PMH posts million dollar loss so far this year
Pocahontas Memorial Hospital's financial outlook continues to decline, as its January report shows a $1 million loss so far this fiscal year.
According to the hospital's chief financial officer Marvina Irvine, nearly half of that is what the hospital must show as allowances, or bad debt, and the allotment for OPEB, Other Post Employee Benefitsﾗthe amount public entities must retain to pay for retired employees' benefits. Those amounts are $988,408 and $280,000, respectively. In addition to those expenses, revenue is down $100,000, while expenses are up approximately $200,000, Irvine said.
Irvine said the hospital still has cash flow and is less than 10 percent of its $300,000 line of credit.
She did say that the recession has begun to affect the healthcare industry and that people are slower to pay their debts to the hospital; however, Irvine has set into motion a point of payment plan that allows patients to pay for a portion of their hospital visit before they leave.
Irvine reported that the hospital had collected $2,000 last month on 53 visits in the new program and that the staff is directing patients to the business office.
Our Ambulance showed a loss of nearly $17,000, PMH Home Health, $47,000 and the PMH Clinic showed a profit of $26,000.
Clinic visits are down from last year, due in part to PMH no longer having a facility at Snowshoe Mountain Resort.
PMH Administrator Don Muhlenthaler said the hospital has the opportunity to rent Dr. John Sharp's clinic in the nearby medical complex, which could mean moving the clinic out of the floodplain
Muhlenthaler said that some of the staff had visited Sharp's clinic last month.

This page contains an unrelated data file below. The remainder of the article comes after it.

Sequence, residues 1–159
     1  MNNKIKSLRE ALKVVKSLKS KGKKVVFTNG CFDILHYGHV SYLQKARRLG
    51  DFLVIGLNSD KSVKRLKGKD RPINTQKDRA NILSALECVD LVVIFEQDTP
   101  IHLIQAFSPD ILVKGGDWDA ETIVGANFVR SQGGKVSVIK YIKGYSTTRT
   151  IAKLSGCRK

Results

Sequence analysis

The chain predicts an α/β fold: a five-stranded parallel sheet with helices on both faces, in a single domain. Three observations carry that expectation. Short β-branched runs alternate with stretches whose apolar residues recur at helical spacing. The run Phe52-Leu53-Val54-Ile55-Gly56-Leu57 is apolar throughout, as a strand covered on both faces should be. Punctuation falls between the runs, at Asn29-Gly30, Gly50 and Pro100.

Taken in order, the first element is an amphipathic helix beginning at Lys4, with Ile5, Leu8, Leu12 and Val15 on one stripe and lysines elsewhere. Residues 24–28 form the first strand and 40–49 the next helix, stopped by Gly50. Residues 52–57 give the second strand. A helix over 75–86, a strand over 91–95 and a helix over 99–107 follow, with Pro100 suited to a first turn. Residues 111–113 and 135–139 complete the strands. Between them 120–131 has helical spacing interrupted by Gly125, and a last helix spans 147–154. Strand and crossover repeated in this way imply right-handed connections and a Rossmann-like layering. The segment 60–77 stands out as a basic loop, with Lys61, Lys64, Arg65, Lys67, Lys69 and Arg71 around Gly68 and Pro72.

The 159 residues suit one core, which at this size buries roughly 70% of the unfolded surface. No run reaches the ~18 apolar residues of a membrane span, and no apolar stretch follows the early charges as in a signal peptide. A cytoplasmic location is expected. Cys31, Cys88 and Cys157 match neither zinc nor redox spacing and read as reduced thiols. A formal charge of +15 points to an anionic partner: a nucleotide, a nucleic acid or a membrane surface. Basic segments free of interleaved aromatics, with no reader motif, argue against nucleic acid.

However, the hospital's chief of staff Mike Jarrett said the staff didn't like Sharp's terms which included offices for three of his staff members, maintaining his medical files and the offer of only a year-long lease.
"I get the feeling, he wants to keep a presence there and it's like we're going to be babysitting the practice. We think we would rather not be in the building at this time," Jarrett said.
Board members were still interested in the idea and directed Muhlenthaler to negotiate a lease that is at least five years long, includes the entire office, does not include maintaining Sharp's medical practice records and previews of actual utility costs. The clinic buys its water from PMH which owns the system.
The lease on the clinic building on Ninth Street in Marlinton is up at the end of June.
Muhlenthaler's plan to have MRI services at the hospital was not as well received. Board members said the costﾗ$10,000 to startﾗ was too great at this time to entertain the idea of having that service.
The search for an administrator has turned up nearly 80 applicants. Search committee members said they will begin interviews in early March.
Muhlenthaler will retire in August.
The hospital administrator said he wanted to correct a public statement that Dr. Luis Soriano had resigned from the PMH board. Jarrett replaced Soriano on the board at the end of Soriano's term, he said. Soriano is still on staff at PMH.
The hospital board ended its meeting in an executive session requested by Muhlenthaler on a "strategic plan." The board took no action except to adjourn when it returned from its secret session.